In her replying affidavit to the papers filed, the Minister for Tourism dismissed objections, saying that the decision was consistent with the long term goals of creating employment in a sustainable tourism setting.  She dismissed the objections of Ratepayers and fringe religious groups as being counter revolutionary and atheistic.   “This is a project that will provide an estimated 25,000 construction and tourism jobs for the next 2,000 years.  And God will be very happy”, she said.  “Yes, we are aware that erosion will eventually eat the Apostles, but we will be able to create a tribute to the great biblical heritage of the Western World, and it will surpass Mount Rushmore in the Black Hill of Dakota.  Soon, when people visit, we will be able to say – there, there are the real 12 Apostles!”.

Professor I Ment, Head UCT’s Geology Department has confirmed that their geological survey approved the technical aspects of the project.  He said: “Our studies show that the 18 buttresses that actually make up the 12 Apostles Range confirm that the rock interface between the Pre-Cambrian Malmesbury Group, the Table Mountain Group, and the Granite, such as can be seen at Queens Beach, makes the perfect mixture for carving out the planned busts of each of the Biblical figures.  “Charles Darwin would have loved to see this”, he added, referring to Darwin’s visit to Cape Town circa 1836.

Old Testament, New Testament, and the Qur’an 

So which figures will be carved out?  The United Orthodox Synagogue, The Muslim Judicial Council, and the Anglican and Catholic Synod’s reached agreement last week that the first buttress nearest Lion’s Head (Kloof buttress) would be of Abraham, followed by Isaac, Jacob and Moses in that order (Fountain, Porcupine, Jubilee and Barrier buttresses).  Next would follow Jesus and the 12 Apostles, total 17.  Since images or depictions of Muhammad and other Koranic figures may not be shown according to Islam, it was agreed in a compromise deal that a mosque could be built on the last buttress nearest Llandudno.   All groups agreed that 10% of the proceeds of tourism revenue from the completed project would be split equally between them.  Fringe religious groups are threatening a direct application to the Constitutional Court, to be included in the deal, claiming religious discrimination. The objections of the ANC Women’s league were withdrawn after the consortium agreed to construct a 400-foot high bust of a smiling Winnie Mandela on Devil’s Peak, the viewing of which will be free to all, and visible from as far away as Paarl and Somerset West.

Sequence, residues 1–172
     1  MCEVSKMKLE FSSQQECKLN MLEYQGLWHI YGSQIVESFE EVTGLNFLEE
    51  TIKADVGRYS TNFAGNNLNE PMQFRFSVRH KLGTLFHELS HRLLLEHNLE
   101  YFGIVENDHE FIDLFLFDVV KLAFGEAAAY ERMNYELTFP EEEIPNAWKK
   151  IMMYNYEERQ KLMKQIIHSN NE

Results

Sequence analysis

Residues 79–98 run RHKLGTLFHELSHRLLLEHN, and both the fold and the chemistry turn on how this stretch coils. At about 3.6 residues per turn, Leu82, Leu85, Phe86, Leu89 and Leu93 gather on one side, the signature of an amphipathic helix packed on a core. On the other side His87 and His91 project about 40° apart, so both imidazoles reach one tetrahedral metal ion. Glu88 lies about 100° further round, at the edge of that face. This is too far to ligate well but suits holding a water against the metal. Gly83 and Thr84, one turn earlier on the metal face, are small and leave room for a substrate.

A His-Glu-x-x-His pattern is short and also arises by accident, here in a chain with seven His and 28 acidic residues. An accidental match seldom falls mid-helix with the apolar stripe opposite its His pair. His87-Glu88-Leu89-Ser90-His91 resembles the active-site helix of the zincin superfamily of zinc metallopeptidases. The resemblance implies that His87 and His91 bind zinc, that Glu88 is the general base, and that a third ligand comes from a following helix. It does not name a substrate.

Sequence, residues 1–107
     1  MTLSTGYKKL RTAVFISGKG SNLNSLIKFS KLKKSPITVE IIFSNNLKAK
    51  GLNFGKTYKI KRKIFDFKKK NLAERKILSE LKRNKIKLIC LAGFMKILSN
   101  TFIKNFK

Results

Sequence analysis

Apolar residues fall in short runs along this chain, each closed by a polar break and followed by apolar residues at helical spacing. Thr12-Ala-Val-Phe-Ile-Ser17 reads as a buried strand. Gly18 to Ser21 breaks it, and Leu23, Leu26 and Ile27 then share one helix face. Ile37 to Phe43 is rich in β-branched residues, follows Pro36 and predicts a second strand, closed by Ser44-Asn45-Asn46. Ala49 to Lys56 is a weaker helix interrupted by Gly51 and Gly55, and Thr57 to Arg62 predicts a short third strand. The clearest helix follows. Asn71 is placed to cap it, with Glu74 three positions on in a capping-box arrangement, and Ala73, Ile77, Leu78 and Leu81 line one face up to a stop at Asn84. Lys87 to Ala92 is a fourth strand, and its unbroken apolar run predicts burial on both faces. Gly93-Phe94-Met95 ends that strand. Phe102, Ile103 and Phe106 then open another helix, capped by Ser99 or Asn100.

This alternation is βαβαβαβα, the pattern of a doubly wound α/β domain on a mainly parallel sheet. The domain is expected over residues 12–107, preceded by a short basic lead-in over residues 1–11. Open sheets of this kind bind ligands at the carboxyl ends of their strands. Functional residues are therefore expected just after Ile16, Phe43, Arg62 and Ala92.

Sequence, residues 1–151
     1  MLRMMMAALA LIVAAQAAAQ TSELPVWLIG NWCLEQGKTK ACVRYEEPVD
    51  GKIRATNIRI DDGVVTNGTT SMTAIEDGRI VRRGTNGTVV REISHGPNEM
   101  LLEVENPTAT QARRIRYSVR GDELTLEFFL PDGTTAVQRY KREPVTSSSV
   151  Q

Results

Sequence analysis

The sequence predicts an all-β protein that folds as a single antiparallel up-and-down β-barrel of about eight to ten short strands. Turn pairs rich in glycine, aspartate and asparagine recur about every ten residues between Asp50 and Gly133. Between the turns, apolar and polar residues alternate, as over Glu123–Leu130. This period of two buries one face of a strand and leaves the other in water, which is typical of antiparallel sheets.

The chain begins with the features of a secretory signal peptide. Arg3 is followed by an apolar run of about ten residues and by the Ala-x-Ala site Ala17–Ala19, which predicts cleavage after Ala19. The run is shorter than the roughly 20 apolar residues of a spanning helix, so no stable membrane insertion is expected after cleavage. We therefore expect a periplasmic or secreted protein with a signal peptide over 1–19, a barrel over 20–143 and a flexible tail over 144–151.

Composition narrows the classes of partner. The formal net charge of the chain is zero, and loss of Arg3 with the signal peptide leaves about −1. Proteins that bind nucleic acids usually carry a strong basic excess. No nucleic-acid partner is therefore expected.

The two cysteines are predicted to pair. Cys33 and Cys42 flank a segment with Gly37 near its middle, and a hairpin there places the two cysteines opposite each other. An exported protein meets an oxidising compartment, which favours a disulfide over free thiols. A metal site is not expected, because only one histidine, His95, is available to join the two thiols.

An Environmental Impact Study has approved all aspects of the project.  Concern for dassies [Procavia capensis] that they would be affected by noise was unfounded, according to the EIS that was tabled at the meeting.   “They seem to have got used to humans trampling all over their natural habitat”, was the conclusion of Professor Hu Xais, from the University of Beijing, who conducted the EIS on behalf of the consortium.  He is unfortunately currently self-isolating and couldn’t be reached for further comment.  Mr Robbie Racoon, the manging director of G & R Anite LLP, the main US consortium contractor, who came down from the Black Hills of Dakota to sign the lease and other contracts, refused to comment.

Further updates on the hearing will follow once a judge has been allocated to hear the matter. 

April 1, 2020.  Life in the time of Covid-19 – not so funny at all. 

Stay home.  Stay well.  Stay safe.

This column by Terry MacKassey,  Special Correspondent @TheCapeRobyn